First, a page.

Ozarks Riverways among Nation’s Most Endangered Rivers
Overuse, mismanagement threatens clean water, recreationMay 17th, 2011
<p>Fay Augustyn, American Rivers, (202) 347-7550, <a href="mailto:firstname.lastname@example.org">email@example.com</a><br />Kally Higgins, Friends of Ozark Riverways, (314) 779-8141, <a href="mailto:firstname.lastname@example.org">email@example.com</a><br />Kathleen Logan Smith, Missouri Coalition for the Environment, (314) 727-0600, <a href="mailto:firstname.lastname@example.org">email@example.com</a><br />Susan Flader, Missouri Parks Association, (573) 442-1058, <a href="mailto:firstname.lastname@example.org">email@example.com</a></p>
Missouri — The clean water and unique recreation experiences prized by paddlers and anglers on the Ozark National Scenic Riverways is being destroyed by pollution, erosion, and poor management. This threat landed the Ozark Riverways on the annual list America’s Most Endangered Rivers™ – a report issued by the conservation group American Rivers.
Beloved for its fishing, boating, and other recreation opportunities, and hosting 1.3 million visitors a year, the Ozarks Riverways Scenic Park is a mainstay of the region’s economy. The park has features unparalleled in North America, including more than 350 springs (including the National Park Service’s largest spring), 338 recorded caves, and archaeological sites reflecting 12,000 years of human habitation, and 200 species found nowhere else in the world. However, the park’s popularity has park come with a heavy toll, particularly from off-road vehicles that destroy vegetation and cause severe erosion and pollution.
“If the National Park Service doesn’t do a better job of protecting these rivers, everything that makes them special – their clean water and value to paddlers and anglers – will be lost,” said Fay Augustyn, Conservation Associate for American Rivers. “Overuse on the Riverways is a symptom of a bigger problem. The public is hungry for river recreation opportunities. We need more designated areas so people can access and enjoy rivers. With a little investment we can protect river health and support the huge public demand for river access and recreation.”
In 1984, there were 13 developed river access points and public campgrounds in the park. Today, there are more than 130 vehicular river access areas, and mazes of unmanaged dirt roads that bleed sediment into the river, harming water quality. Only four horse trails are designated by the park, but more than 250 miles of horse trails are unofficially tolerated – including 80 places where horses cross the rivers and harm water quality with erosion and fecal coliform pollution.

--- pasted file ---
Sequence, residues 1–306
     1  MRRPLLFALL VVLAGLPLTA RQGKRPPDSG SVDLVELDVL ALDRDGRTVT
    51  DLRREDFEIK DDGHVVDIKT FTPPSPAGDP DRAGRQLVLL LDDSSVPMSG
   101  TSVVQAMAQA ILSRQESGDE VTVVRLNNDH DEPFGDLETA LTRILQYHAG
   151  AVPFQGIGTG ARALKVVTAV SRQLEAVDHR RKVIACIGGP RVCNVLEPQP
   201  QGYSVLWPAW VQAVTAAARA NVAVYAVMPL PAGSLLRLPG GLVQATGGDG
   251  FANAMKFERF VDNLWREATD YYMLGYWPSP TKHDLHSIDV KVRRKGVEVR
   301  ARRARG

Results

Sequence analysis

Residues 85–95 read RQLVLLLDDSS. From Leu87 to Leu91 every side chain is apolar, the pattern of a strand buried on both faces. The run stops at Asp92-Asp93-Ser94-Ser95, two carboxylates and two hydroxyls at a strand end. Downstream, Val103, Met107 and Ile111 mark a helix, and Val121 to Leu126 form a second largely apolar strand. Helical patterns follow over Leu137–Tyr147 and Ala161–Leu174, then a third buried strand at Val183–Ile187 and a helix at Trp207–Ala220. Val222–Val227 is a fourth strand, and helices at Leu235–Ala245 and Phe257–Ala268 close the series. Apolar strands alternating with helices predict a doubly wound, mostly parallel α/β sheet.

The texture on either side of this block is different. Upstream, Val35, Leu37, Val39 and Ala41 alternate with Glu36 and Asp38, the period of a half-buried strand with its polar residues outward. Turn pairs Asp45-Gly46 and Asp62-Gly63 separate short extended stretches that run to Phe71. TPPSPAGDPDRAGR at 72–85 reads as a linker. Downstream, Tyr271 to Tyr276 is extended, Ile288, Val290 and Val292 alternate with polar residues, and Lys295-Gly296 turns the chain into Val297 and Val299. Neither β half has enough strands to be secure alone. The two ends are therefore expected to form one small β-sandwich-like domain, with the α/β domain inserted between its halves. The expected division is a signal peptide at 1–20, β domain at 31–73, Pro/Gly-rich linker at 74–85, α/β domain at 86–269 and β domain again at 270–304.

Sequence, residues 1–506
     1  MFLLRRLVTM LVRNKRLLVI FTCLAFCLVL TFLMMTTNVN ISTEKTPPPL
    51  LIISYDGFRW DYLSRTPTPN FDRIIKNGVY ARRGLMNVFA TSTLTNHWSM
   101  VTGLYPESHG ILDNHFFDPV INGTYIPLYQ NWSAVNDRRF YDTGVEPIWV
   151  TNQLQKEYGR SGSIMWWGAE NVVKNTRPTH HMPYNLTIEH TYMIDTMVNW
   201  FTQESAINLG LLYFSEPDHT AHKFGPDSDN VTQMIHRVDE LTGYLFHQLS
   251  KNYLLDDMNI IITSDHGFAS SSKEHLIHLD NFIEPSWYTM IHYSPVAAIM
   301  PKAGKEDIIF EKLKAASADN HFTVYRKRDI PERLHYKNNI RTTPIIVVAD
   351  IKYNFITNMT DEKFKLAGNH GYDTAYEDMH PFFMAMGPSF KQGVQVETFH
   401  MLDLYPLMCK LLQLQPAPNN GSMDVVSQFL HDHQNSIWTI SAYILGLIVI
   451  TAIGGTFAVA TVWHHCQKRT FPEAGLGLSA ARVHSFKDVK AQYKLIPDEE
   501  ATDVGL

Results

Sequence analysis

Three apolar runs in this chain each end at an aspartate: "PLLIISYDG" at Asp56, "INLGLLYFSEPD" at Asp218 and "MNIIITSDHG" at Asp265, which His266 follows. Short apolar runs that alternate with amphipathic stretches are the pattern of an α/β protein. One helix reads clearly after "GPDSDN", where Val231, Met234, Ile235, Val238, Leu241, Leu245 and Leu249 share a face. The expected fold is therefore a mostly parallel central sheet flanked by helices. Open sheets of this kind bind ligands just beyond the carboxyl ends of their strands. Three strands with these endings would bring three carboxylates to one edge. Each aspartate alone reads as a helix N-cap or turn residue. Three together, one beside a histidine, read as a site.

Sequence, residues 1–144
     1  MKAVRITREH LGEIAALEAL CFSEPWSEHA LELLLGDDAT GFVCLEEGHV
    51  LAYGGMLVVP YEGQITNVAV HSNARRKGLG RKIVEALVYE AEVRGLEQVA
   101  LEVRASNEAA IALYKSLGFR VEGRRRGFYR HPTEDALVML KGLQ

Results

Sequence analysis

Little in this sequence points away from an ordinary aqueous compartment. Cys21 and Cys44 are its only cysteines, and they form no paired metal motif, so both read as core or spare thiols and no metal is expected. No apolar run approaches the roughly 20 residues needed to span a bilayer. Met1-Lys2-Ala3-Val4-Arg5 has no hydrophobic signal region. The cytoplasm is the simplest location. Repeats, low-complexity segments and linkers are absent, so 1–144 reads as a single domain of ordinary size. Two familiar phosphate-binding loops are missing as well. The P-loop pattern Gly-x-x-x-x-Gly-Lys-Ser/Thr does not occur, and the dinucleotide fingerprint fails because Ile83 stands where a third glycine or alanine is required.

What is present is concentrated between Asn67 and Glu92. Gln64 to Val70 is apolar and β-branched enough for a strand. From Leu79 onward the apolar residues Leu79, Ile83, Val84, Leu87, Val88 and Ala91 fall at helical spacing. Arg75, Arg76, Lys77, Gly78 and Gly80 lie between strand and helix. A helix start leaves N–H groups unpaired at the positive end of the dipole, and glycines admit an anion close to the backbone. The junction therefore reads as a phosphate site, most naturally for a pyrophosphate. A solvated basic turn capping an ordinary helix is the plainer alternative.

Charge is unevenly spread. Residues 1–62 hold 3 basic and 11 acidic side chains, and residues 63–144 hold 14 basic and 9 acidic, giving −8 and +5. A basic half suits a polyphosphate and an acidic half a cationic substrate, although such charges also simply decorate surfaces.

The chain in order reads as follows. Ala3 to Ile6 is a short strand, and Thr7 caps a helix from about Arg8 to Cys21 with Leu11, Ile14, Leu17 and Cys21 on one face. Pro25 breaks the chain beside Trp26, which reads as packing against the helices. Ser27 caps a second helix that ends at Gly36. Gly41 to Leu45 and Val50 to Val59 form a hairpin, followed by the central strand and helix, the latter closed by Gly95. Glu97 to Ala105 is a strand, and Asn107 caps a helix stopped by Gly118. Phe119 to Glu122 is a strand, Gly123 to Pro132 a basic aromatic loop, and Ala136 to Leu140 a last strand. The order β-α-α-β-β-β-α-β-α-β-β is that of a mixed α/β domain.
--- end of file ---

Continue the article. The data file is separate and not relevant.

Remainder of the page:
The National Park Service plans to complete several “capacity” studies prior to issuing a draft General Management Plan (GMP) for public comment in 2011. American Rivers is calling on the Park Service to hold the Ozarks Riverways to the same standards of protection and enforcement as in other parks. This means the Park Service must complete a full Environmental Impact Statement about current usage, including an updated study of roads, motorized intrusion at the river, primitive camps, and horse trails. “With the Obama Administration promoting its America’s Great Outdoors initiative to boost conservation and recreation nationwide, the Riverways is the perfect place for the administration to put its words into action — by protecting this park for future generations, said Augustyn.
About America’s Most Endangered Rivers
For 26 years, American Rivers has sounded the alarm on 360 rivers through our America’s Most Endangered Rivers report. The report is not a list of the “worst” or most polluted rivers, but is a call to action for rivers at a crossroads, whose fates will be determined in the coming year. Over the years, the report has helped spur many successes including the removal of outdated dams, the protection of rivers with Wild and Scenic designations, and the prevention of harmful development and pollution.
American Rivers’ staff and scientific advisors review nominations for the following criteria:
- A major decision that the public can help influence in the coming year
- The significance of the river to people and wildlife
- The magnitude of the threat, especially in light of climate change
For the third consecutive year, America’s Most Endangered Rivers™ is sponsored by The Orvis Company, which donates 5% of their pre-tax profits annually to protect nature.